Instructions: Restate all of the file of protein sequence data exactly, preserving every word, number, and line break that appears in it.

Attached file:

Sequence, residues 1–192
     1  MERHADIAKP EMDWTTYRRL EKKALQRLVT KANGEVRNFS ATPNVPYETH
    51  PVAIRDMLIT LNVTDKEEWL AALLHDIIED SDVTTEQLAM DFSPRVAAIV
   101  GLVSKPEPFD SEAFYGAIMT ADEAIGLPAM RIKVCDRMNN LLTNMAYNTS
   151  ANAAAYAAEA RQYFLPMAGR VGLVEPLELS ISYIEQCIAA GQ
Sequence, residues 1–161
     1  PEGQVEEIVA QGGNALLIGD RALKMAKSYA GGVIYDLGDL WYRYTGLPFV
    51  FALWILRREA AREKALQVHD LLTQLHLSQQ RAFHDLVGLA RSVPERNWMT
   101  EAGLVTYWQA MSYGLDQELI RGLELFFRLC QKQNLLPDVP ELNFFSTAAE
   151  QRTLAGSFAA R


Sequence, residues 1–192
     1  MERHADIAKP EMDWTTYRRL EKKALQRLVT KANGEVRNFS ATPNVPYETH
    51  PVAIRDMLIT LNVTDKEEWL AALLHDIIED SDVTTEQLAM DFSPRVAAIV
   101  GLVSKPEPFD SEAFYGAIMT ADEAIGLPAM RIKVCDRMNN LLTNMAYNTS
   151  ANAAAYAAEA RQYFLPMAGR VGLVEPLELS ISYIEQCIAA GQ
Sequence, residues 1–161
     1  PEGQVEEIVA QGGNALLIGD RALKMAKSYA GGVIYDLGDL WYRYTGLPFV
    51  FALWILRREA AREKALQVHD LLTQLHLSQQ RAFHDLVGLA RSVPERNWMT
   101  EAGLVTYWQA MSYGLDQELI RGLELFFRLC QKQNLLPDVP ELNFFSTAAE
   151  QRTLAGSFAA R